Previously, we had discussed about the fast-unto-death by Gandhian activist Potti Sriramulu, which changed the map of India:
Today, we shall find out what happened next.
With the implementation of “States Reorganization Act” in 1956, the protests by linguistic groups almost came to an end. Kannada speaking people were happy that they got Mysore state (which was later renamed Karnataka), Telugu speaking people were happy that they got Andhra, Malayalam speaking people were happy that they got Kerala, while the Tamil speaking masses were happy with Tamil Nadu state.
However, there were still some protests from Western parts of India, because they were not satisfied with the Govt’s decision to form Bombay State as a bilingual state, catering to both Marathi & Gujarati speaking population with a single state.
Over the next few weeks, these protests led to full fledged movements, with the demand for creation of separate states for Gujarati & Marathi population respectively.
On 8th August 1956, a few Gujarati students marched to the Congress house at Ahmedabad to meet Morarji Desai and demand for a separate Gujarati state. Chief Minister Morarji Desai not only ignored them, but also ordered police action, which led to police firing, resulting in the death of 5 students.
That was the turning point which triggered massive protests throughout the state. On the one hand, Gujaratis started the “Mahagujarat Andolan”, demanding for a separate Gujarat state with Bombay as its capital, and on the other hand, Marathi speaking masses started the “Samyukta Maharashtra Andolan”, demanding for a separate Maharashtra state with Bombay as its capital.
Over the next 5 years, more than 100 protesters were killed due to police firing ordered by Chief Minister Morarji Desai. But the protesters never relented, and with more participation from across the public spectrum & support from the common man, the movement grew intense by the day.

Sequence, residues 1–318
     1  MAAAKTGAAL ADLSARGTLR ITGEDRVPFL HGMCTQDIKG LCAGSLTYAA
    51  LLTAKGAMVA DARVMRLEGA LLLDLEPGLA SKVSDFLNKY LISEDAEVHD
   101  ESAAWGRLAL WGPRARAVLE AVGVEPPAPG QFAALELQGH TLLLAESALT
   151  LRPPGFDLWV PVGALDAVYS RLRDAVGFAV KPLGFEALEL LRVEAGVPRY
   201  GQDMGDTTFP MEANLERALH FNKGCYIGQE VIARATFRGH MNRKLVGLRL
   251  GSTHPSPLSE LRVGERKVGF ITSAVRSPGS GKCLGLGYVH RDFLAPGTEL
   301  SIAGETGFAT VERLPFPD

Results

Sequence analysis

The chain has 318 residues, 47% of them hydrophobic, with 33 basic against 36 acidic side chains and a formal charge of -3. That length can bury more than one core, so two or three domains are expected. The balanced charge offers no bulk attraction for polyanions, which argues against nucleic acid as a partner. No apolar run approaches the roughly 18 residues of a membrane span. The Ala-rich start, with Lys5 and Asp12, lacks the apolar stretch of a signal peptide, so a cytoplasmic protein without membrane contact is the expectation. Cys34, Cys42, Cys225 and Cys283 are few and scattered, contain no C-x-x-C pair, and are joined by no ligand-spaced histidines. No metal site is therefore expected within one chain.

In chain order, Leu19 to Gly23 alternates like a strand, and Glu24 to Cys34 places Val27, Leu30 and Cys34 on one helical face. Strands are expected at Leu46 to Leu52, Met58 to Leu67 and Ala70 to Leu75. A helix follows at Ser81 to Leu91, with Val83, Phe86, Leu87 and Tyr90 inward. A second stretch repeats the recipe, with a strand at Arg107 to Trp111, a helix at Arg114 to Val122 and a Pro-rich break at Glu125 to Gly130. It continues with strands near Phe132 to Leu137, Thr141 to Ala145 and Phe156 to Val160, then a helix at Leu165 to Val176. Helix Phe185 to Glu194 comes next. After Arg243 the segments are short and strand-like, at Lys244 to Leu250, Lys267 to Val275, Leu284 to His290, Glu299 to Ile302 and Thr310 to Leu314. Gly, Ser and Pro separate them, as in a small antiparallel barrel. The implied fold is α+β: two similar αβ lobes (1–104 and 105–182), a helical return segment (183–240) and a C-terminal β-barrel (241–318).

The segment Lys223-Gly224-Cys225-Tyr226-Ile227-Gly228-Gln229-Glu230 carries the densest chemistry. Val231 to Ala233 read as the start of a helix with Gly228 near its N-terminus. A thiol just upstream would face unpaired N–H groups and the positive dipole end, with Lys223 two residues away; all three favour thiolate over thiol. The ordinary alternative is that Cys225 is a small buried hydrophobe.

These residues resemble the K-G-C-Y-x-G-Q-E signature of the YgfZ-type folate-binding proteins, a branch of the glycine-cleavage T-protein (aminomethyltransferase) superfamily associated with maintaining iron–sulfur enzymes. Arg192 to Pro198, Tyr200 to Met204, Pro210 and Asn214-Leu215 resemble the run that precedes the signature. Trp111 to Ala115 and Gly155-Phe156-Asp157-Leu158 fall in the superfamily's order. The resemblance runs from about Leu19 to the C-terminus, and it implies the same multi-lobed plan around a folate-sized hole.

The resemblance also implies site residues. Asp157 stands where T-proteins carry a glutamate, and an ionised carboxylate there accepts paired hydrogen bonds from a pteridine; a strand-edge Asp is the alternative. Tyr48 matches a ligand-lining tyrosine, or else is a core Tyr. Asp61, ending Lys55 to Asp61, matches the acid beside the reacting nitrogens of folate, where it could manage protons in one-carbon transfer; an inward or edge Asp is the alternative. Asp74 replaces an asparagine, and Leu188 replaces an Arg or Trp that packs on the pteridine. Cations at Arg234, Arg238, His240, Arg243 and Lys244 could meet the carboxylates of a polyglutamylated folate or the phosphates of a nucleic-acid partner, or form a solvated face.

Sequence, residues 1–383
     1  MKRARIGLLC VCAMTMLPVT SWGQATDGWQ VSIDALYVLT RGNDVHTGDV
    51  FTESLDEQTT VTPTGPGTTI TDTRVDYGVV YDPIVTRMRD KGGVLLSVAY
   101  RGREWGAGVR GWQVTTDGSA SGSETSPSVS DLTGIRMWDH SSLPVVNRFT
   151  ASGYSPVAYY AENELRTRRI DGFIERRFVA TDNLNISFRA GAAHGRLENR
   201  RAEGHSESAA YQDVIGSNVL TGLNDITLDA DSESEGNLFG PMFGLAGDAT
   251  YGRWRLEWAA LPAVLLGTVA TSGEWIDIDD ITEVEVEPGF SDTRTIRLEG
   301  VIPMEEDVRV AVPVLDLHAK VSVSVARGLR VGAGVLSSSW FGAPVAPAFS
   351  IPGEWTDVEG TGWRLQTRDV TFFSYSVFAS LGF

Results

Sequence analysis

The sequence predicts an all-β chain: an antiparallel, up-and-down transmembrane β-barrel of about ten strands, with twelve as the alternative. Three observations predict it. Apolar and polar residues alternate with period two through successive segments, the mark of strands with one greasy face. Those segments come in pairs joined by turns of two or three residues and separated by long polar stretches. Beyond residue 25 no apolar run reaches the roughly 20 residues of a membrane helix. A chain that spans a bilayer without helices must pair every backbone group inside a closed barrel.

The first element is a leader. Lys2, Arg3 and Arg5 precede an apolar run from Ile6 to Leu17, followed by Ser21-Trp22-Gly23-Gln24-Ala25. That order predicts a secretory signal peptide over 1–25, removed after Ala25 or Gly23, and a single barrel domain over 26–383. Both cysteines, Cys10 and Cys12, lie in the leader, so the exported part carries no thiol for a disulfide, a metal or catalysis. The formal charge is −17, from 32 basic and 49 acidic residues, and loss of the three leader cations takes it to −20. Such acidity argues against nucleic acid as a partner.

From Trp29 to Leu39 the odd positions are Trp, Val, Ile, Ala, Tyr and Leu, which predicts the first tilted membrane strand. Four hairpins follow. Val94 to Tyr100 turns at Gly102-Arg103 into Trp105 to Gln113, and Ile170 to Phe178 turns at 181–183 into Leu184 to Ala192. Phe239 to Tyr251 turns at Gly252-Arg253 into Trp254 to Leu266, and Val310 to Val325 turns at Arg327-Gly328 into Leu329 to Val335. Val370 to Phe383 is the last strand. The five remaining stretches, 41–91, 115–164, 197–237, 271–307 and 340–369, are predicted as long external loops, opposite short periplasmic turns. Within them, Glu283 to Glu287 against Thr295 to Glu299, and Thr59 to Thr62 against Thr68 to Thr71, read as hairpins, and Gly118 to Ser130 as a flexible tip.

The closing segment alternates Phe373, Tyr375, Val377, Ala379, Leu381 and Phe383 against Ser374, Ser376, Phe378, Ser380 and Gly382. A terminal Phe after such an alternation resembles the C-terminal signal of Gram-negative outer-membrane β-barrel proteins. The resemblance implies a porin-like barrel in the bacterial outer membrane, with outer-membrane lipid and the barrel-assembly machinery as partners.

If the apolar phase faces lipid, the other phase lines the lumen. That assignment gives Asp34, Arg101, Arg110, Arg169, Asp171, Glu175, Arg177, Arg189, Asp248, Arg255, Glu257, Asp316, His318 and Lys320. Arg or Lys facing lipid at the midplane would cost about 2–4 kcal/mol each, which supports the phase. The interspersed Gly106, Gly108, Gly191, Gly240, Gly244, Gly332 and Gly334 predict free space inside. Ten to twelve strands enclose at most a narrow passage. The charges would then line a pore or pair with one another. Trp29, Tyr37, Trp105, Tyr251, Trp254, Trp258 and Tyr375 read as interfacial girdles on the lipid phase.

Succumbing to public pressure, finally, on the 1st of May 1960, Nehru Govt divided Bombay State into 2 states: Maharashtra for Marathi speaking population and Gujarat for Gujarati speaking population. Bombay city turned out to be a sticky wicket because the Marathi activists wanted it to be part of Maharashtra due to the simple reason that majority of the people there spoke Marathi, and it was surrounded by districts which were also densely populated with Marathi speaking people. Whereas Gujarati activists wanted Bombay to be part of Gujarat or at-least a separate Union Territory because they believed that the Bombay city was actually developed by Gujarati businessmen. That argument was also finally settled by awarding Bombay to Maharashtra, which became an icing on the cake for Maharashtra’s celebration.
However, Gujaratis also celebrated with great splendor because their main agenda of having a separate state for their Gujarati identity was finally fulfilled. Our Honorable Prime Minister Narendra Modi, who was just 10 years old back then, had also participated in the movement, taken the lead, shouted slogans and distributed sweets.
In the memory of those 5 students who sacrificed their lives due to police firing, Gujarat State Govt built the “Shahid Smarak” at Ahmedabad, and in the memory of those 106 Marathi protesters who sacrificed their lives over 5 years due to police firing, Maharashtra State Govt built the “Hutatma Chowk” at South Mumbai.
Since then, the 1st of May has been observed as “Gujarat Foundation Day” and as “Maharashtra Day” by the respective states, with homage & tributes paid by the respective Chief Ministers to those martyrs, every year, followed by cultural programmes, speeches & celebrations.